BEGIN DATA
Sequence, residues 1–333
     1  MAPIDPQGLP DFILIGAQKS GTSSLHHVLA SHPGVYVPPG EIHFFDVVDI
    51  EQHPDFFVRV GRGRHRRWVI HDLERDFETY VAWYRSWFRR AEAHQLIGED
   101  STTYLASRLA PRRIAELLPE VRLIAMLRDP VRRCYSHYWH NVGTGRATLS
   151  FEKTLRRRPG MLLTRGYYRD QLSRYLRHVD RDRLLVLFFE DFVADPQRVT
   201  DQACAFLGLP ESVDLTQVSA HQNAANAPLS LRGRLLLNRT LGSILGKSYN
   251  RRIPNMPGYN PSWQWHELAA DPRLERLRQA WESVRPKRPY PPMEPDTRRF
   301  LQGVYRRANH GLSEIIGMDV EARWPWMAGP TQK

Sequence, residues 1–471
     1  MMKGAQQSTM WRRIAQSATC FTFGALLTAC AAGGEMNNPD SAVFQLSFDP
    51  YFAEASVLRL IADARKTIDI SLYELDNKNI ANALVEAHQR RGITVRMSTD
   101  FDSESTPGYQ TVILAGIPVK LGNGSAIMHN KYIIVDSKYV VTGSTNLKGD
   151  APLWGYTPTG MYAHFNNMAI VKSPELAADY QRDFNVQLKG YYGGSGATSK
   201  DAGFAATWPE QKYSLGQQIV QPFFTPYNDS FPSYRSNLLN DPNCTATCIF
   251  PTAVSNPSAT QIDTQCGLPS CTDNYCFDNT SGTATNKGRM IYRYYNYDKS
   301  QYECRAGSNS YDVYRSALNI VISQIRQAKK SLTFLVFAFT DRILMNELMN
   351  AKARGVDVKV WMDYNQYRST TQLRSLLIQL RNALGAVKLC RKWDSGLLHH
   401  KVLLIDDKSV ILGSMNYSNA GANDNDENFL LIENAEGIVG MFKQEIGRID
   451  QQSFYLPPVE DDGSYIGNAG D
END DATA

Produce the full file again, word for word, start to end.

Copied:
Sequence, residues 1–333
     1  MAPIDPQGLP DFILIGAQKS GTSSLHHVLA SHPGVYVPPG EIHFFDVVDI
    51  EQHPDFFVRV GRGRHRRWVI HDLERDFETY VAWYRSWFRR AEAHQLIGED
   101  STTYLASRLA PRRIAELLPE VRLIAMLRDP VRRCYSHYWH NVGTGRATLS
   151  FEKTLRRRPG MLLTRGYYRD QLSRYLRHVD RDRLLVLFFE DFVADPQRVT
   201  DQACAFLGLP ESVDLTQVSA HQNAANAPLS LRGRLLLNRT LGSILGKSYN
   251  RRIPNMPGYN PSWQWHELAA DPRLERLRQA WESVRPKRPY PPMEPDTRRF
   301  LQGVYRRANH GLSEIIGMDV EARWPWMAGP TQK

Sequence, residues 1–471
     1  MMKGAQQSTM WRRIAQSATC FTFGALLTAC AAGGEMNNPD SAVFQLSFDP
    51  YFAEASVLRL IADARKTIDI SLYELDNKNI ANALVEAHQR RGITVRMSTD
   101  FDSESTPGYQ TVILAGIPVK LGNGSAIMHN KYIIVDSKYV VTGSTNLKGD
   151  APLWGYTPTG MYAHFNNMAI VKSPELAADY QRDFNVQLKG YYGGSGATSK
   201  DAGFAATWPE QKYSLGQQIV QPFFTPYNDS FPSYRSNLLN DPNCTATCIF
   251  PTAVSNPSAT QIDTQCGLPS CTDNYCFDNT SGTATNKGRM IYRYYNYDKS
   301  QYECRAGSNS YDVYRSALNI VISQIRQAKK SLTFLVFAFT DRILMNELMN
   351  AKARGVDVKV WMDYNQYRST TQLRSLLIQL RNALGAVKLC RKWDSGLLHH
   401  KVLLIDDKSV ILGSMNYSNA GANDNDENFL LIENAEGIVG MFKQEIGRID
   451  QQSFYLPPVE DDGSYIGNAG D